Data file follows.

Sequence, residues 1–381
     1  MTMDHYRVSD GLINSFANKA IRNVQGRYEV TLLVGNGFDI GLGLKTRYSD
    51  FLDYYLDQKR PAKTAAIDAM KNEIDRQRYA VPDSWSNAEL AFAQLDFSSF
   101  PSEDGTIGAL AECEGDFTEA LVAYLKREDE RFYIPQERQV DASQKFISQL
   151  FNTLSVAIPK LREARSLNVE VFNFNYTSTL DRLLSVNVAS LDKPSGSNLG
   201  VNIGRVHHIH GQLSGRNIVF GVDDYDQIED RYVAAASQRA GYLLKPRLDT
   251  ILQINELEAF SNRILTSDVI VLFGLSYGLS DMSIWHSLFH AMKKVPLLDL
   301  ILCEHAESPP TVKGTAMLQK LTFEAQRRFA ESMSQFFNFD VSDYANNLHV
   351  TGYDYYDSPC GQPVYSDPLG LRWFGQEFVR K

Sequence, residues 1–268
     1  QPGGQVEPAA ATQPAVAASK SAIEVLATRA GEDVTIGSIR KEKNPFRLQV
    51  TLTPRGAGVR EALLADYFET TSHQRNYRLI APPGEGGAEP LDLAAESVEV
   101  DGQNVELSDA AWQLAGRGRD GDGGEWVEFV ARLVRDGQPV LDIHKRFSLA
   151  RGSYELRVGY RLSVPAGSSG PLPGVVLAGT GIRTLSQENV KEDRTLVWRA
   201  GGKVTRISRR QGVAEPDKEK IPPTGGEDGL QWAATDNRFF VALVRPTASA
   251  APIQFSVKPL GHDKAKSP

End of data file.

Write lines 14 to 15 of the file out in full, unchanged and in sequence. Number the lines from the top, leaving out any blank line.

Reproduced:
   151  RGSYELRVGY RLSVPAGSSG PLPGVVLAGT GIRTLSQENV KEDRTLVWRA
   201  GGKVTRISRR QGVAEPDKEK IPPTGGEDGL QWAATDNRFF VALVRPTASA